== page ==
When a component begins generating heat, the temperature in regions surrounding the component will start rising.
This temperature rise to a new equilibrium temperature is not instant; there is a transient response that occurs in the system.
In systems with a thermostat, the transient response can be oscillatory, which appears as relaxation oscillations in the system over time.
Even your air conditioning system can use some transient thermal analysis
When you turn on your air conditioning in your home, it can take hours for the temperature in your house to reach a new equilibrium. Similarly, turn on your electric stove, and it takes time for the burner to reach its final temperature. Examining how a system reaches its final equilibrium temperature is the cornerstone of transient thermal analysis.
Any system with complex geometry and feedback can be difficult to analyze using equations. Some important insights can be gained in simplified systems, but mission critical systems require very accurate results that can be easily obtained with the right field solver.
Analytical Techniques for Transient Thermal Analysis
When we refer to using “analytical techniques” for transient thermal analysis, we’re referring to using closed-form equations to understand something about the transient thermal response in a system. Any heat source (such as a switching IC) or heat sink (such as a fan) might be switched on at different times and be located in different regions of the system. As a result, the temperature can rise and fall due to feedback in the system. Many systems use a thermostat to control a heat sink, meaning the heat source/sink depends on the temperature in the system.
As a result, there is a complex coupled relationship between the sources and sinks in a system. When we consider the heat equation describing the temperature in a system, we have a system of partial differential equations that defines how the temperature evolves in space and time. One way to model this set of complex relationships is using the heat equation with sources/sinks, where each source is a function of space, time, and temperature.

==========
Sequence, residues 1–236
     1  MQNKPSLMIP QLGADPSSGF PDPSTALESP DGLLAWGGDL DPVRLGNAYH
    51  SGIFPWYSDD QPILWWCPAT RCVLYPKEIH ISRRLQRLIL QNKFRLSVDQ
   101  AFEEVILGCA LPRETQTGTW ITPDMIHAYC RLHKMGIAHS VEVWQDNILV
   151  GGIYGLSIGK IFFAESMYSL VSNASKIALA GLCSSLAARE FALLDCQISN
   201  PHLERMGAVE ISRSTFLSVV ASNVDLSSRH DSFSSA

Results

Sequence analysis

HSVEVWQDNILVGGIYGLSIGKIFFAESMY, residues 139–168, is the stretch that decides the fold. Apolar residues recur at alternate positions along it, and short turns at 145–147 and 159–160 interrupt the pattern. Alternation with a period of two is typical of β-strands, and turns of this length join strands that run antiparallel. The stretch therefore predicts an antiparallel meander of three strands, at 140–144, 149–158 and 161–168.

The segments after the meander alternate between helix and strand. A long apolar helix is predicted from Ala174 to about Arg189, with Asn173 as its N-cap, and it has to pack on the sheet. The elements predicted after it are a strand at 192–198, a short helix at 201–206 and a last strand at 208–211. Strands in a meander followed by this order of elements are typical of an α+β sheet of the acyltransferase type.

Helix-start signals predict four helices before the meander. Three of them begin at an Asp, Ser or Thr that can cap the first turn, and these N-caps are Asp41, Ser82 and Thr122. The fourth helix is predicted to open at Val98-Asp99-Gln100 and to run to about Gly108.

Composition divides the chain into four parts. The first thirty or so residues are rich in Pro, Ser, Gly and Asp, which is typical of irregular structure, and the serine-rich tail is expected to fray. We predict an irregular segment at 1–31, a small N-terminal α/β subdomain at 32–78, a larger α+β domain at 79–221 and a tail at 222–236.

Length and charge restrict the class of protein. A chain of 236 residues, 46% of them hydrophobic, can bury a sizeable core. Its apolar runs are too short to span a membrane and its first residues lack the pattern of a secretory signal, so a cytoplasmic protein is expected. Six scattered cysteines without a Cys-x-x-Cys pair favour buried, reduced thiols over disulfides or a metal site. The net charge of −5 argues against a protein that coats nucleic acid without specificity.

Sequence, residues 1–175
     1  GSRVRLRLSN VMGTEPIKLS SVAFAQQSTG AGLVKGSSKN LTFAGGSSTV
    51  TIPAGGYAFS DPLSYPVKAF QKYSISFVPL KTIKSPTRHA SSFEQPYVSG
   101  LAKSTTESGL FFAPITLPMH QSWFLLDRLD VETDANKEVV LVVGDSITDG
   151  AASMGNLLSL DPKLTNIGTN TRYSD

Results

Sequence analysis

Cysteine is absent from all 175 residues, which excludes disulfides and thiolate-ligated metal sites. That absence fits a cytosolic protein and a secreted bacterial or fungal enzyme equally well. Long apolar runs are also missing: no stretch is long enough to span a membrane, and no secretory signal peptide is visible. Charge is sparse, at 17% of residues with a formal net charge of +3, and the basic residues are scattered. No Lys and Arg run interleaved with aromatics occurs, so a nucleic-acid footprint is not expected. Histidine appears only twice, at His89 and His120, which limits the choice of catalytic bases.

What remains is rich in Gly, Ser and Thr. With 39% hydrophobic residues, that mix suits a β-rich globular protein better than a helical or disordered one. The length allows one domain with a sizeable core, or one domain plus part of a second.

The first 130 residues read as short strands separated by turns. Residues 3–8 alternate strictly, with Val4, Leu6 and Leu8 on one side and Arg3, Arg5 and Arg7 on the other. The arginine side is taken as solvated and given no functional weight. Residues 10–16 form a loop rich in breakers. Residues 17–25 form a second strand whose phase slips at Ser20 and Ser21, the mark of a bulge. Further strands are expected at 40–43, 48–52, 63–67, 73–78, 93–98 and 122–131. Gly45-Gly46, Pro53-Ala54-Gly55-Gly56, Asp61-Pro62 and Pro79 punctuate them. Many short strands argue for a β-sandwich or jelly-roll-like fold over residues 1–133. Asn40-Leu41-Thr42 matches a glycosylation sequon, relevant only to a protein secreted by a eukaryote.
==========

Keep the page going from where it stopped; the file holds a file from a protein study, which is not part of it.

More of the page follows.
This set of equations describes coupling between sources, sinks, and temperature in a complex system for performing transient thermal analysis.
The Laplacian term in the top equation is normally reduced to the system eigenmodes using the Helmholtz equation, giving a set of coupled first-order partial differential equations. Transient analysis in these systems, particularly where a heat sink is also a function of temperature and time, is quite complicated and typically only some high-level quantitative results can be obtained.
Each source/sink term can be defined using its own partial differential equation in time and/or space, which creates a system of coupled partial differential equations. The consequence of this is that the eigenvalues of the system are really functions of space and can be functions of each other. In other words, the transient thermal response of the system can be very complicated and varies throughout space and time, depending on where sources are located and when they operate.
The result is that the system can exhibit a complex transient response or mixed transient responses in different locations in the system. Some example results obtained for a PCB with a single switching IC are shown below. Each curve is gathered from a different location in the system. Measurements taken farther from the IC exhibit very little variation in the transient response, while those taken closer to the IC exhibit very large changes in the temperature curve as the overall system rises to its final temperature. Very long into the simulation, the transient response tends to vary around the system’s equilibrium temperature.
Example transient thermal analysis results for different regions in a PCB. The switching IC acts as a periodic source of heat due to power dissipation. The transient response varies in time as the IC switches and adds heat to the system.